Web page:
Table 1: Characteristics of patients and controls.
Table 2: Candidate tag single nucleotide polymorphisms.

The results indicated two significant aggressive alleles, “C” in rs10936599 of TERC gene and “G” in rs2853677 of TERT gene, were linked to an increased ischemic stroke risk based on the P value of 0.05 (OR = 1.26; 95% CI, 1.00–1.58; P = 0.049 and OR = 1.35; 95% CI, 1.07–1.71; P = 0.012, respectively) by Chi-square test [Table 2].

Subsequent various genetic models were performed to calculate the genetic risk. The data showed that in rs2242652 of TERT gene, an enhanced risk of ischemic stroke was associated with the genotype “G/A” in the over-dominant model (OR = 1.45, 95% CI, 1.02–1.77; P = 0.038) and genotypes “G/A” and “A/A” in the dominant model (OR = 1.42, 95% CI, 1.01–2.01; P = 0.044) [Table 3]. As for rs2853677 listed in Table 4, patients who carried genotype “G” were also found to have a more likelihood of suffering ischemic stroke in the log-additive model (OR = 1.36, 95% CI, 1.07–1.73; p = 0.011) after adjustment by gender and age.

Table 3: Relationship between rs2242652 in telomerase reverse transcriptase gene and ischemic stroke risk (adjusted by gender and age).
Table 4: Relationship between rs2853677 in telomerase reverse transcriptase gene and ischemic stroke risk (adjusted by gender and age).

However, after performing a strict Bonferroni correction in Tables 2, 3 and 4, the significance levels were attenuated, which may indicate a likely association between positive tSNPs and risk of IS.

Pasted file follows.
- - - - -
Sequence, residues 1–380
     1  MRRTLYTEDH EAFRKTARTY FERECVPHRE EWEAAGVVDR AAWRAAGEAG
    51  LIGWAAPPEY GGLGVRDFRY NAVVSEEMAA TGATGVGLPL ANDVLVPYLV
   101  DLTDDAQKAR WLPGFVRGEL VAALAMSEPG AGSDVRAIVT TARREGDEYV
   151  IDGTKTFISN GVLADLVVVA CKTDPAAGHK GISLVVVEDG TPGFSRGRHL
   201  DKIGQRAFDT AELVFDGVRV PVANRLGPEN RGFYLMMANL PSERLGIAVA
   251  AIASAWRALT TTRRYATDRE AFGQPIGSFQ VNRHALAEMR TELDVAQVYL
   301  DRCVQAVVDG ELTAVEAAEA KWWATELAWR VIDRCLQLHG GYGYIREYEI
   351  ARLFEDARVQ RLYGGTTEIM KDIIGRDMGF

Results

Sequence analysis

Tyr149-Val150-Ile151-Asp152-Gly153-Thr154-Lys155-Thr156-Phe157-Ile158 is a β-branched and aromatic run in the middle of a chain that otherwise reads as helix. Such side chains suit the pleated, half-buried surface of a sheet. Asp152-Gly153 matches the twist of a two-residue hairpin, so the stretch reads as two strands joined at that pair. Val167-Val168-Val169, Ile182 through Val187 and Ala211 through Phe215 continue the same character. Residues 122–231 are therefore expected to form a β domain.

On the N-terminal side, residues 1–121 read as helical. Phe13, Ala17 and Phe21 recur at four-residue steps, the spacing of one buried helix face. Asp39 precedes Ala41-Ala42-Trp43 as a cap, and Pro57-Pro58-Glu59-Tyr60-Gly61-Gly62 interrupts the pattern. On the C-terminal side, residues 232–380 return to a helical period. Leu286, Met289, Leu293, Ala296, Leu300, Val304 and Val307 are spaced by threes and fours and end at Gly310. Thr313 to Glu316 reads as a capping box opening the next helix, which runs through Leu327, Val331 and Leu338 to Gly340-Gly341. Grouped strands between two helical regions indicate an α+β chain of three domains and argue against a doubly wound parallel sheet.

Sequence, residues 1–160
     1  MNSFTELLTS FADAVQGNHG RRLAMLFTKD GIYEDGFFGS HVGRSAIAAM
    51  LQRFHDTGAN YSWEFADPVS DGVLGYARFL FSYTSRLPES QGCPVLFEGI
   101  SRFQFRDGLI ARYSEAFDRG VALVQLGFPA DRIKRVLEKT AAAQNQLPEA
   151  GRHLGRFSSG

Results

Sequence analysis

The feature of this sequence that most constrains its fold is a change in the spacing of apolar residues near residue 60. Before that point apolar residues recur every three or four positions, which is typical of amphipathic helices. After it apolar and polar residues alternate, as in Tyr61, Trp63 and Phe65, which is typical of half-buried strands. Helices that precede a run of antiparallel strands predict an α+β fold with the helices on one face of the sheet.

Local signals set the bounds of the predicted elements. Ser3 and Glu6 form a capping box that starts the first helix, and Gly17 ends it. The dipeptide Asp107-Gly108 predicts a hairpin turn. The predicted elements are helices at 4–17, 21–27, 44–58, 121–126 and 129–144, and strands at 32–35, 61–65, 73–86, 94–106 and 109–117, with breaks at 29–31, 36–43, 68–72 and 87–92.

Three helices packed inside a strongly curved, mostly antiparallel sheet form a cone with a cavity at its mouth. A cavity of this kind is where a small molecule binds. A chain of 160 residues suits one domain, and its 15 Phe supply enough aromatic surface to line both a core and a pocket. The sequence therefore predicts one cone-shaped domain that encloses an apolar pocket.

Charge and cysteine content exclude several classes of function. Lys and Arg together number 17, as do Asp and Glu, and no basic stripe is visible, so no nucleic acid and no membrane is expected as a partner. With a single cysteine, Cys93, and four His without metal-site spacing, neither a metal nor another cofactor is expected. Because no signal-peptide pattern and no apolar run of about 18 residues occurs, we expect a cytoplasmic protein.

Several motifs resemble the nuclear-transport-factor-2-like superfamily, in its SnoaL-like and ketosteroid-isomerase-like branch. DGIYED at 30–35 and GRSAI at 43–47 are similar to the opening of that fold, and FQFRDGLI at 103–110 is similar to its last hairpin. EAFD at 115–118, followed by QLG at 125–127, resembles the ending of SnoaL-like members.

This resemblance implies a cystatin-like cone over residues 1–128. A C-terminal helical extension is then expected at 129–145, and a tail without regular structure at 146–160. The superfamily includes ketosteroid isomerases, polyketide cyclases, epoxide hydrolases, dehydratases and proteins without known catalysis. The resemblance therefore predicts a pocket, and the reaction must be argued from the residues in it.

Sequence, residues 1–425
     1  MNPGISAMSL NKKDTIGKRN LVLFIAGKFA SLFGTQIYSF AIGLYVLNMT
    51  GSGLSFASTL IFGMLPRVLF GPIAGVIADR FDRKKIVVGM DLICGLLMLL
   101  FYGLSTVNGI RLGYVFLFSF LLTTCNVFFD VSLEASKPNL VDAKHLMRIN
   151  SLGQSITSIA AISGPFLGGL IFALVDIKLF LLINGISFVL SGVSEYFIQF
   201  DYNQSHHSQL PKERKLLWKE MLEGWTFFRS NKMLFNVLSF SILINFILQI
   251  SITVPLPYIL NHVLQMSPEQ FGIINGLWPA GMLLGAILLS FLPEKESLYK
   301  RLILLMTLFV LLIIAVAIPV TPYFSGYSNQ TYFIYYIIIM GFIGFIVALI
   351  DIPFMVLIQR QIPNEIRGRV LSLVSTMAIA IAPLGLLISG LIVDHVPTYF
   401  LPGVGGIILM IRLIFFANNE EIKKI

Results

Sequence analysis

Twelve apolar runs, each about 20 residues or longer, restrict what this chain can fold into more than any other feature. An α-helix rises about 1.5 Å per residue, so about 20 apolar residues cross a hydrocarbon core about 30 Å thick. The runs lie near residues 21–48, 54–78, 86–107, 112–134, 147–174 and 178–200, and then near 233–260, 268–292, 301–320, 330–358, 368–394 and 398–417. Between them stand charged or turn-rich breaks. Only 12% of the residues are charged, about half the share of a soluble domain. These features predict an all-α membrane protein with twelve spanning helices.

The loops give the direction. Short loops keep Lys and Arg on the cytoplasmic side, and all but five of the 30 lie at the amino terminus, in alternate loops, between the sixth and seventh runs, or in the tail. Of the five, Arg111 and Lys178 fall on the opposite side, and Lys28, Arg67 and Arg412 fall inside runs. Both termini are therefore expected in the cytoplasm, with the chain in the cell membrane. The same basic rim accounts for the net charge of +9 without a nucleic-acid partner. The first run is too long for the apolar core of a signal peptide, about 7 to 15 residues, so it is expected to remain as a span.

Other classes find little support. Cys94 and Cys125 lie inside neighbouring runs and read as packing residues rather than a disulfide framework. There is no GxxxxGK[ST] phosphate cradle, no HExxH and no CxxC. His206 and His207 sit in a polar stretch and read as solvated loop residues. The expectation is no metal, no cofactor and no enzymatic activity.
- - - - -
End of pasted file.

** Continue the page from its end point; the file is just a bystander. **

We then did Haplotype analysis to explore the connection between the TERT, RTEL1 haplotype and the risk of ischemic stroke, but no significant conclusion was found [Tables S1, S2].


In this case-control study, we selected tSNPs with MAF greater than 5% in the HapMap CHB population to ensure the sufficient statistical power for data analysis. Our results revealed that polymorphisms in TERC and TERT genes have an association with susceptibility risk of ischemic stroke in a Chinese Han population. We hypothesize that these loci variant of the TERC and TERT genes could have shortened LTL, leading to increased possibility of having ischemic stroke.

The TERC gene, one of the main components of telomerase, serves as a template for addition of multiple “TTAGGG” repeats9,20. It has been verified involved in LTL by recent researches21,22. We found in this study that the allele “C” in rs10936599 had the potential to increase the risk of ischemic stroke when compared with allele “T” (OR = 1.26; 95% CI, 1.00–1.58; P = 0.049). Studies focused on similar subject by Zee RY, et al. involving Caucasian women did not find any association between TERC and ischemic stroke23. We believe this disparity in findings could be attributed to the racial, sexual or regional differences in study populations. To our knowledge, our study is the first genotype/allele-based study that describes the association between SNPs within the TERC locus and ischemic stroke risk in a Chinese population.